Second hand plant pots 


I live on a beautiful peninsula in West Cork. My grandmother use to say :"the view won't feed you".  It won't talk to you either.  I miss my allotments in England full of people and always somebody to talk to and have a laugh and a joke.  I think I would go mad if it wasn't for my poly-tunnel and reading and writing blogs. 

Yesterday (Sunday) was a washout and I spent all morning potting on, popping out in the rain to make cuttings and lifting perennials to make more plants.  I dread to think how many plants and plant pots we have.  At least half of the veg plot is covered in tarpaulin and paving stones with plants on top of it. 

I have stopped walking on the main road because the hedgerows are all overgrown and motorists come speeding from nowhere.  I could always go walking over the hills by myself but I get bored of my own company.  Perhaps I should get an hobby like poly-tunnel plant propagating?  

Me in my Sunday best carrying some Sedums to be repotted into bigger pots in ye old poly-tunnel.   They are this years cuttings!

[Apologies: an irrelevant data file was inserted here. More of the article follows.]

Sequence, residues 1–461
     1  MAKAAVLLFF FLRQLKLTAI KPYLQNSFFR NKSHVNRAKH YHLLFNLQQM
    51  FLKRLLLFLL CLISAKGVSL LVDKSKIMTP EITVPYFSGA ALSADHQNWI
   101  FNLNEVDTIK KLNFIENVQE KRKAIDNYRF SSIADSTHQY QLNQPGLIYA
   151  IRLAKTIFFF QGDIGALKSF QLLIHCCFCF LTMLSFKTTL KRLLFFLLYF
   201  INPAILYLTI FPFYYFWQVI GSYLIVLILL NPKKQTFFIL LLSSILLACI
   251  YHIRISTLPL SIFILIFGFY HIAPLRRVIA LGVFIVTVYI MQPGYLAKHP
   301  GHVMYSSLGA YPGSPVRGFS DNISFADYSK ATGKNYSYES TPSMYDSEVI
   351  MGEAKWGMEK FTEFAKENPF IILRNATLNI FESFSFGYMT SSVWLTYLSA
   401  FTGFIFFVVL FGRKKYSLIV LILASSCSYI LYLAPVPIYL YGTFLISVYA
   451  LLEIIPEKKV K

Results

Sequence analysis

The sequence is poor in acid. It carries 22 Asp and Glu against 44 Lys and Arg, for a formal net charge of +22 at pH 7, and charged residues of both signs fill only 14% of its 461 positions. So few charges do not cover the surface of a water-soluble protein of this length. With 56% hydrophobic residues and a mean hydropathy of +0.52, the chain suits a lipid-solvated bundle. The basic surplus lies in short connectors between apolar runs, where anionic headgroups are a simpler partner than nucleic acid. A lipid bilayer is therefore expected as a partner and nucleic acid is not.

Some of my many many potted plants taking over half the vegetable plot.




Monday, 27 August 2018

Its Time To Empty The Compost Pile.


I lifted the old carpet (see left hand bottom of first photograph) and decided to have a look at my buried compost treasure last week.  
The rough stuff went into the bottom of a new pallet compost pile.  This is now full of nettles, cut flower heads, weeds and grass from the lawns.  

It's been covered up with the nineteen seventies psychedelic carpet.  I don't or try not to use nylon carpets because they are a nuisance breaking down and wrapping round my garden fork or shovel.  I believe modern carpets contain fire retardants and nasty chemicals and we don't want that in our growing soil do we?






Is it a badger sett or a fox hole?  No its my compost pile bank.  I once heard a gardener say your soil is like a money bank.  You can't keep taking it out with out putting something back.  What's the point of planting a good plant in poor soil or clay?  Remember the Parable of the Sower in the Bible?  

I bucketed my compost in an old tree plant pot and lay some one inch mesh over the top of my 'compost bath' and used an up turned weeding bucket to hold the other end of the mesh up.  Then I emptied the compost buckets contents onto the mesh and forced it through the mesh with my trusty garden spade and filled a bucket in the compost bath with lovely friable, sieved compost.  Any big lumps of compost went on next years potato are of the veg plot and any stones and twigs were thrown over the hedge into some rough grass.  

You can't beat having your own compost pile can you? 

Catching The Ferry To Get To Work.

I took these photographs the other morning on my way to work.  It's only a temporary job but I am enjoying the ferry rides and the w...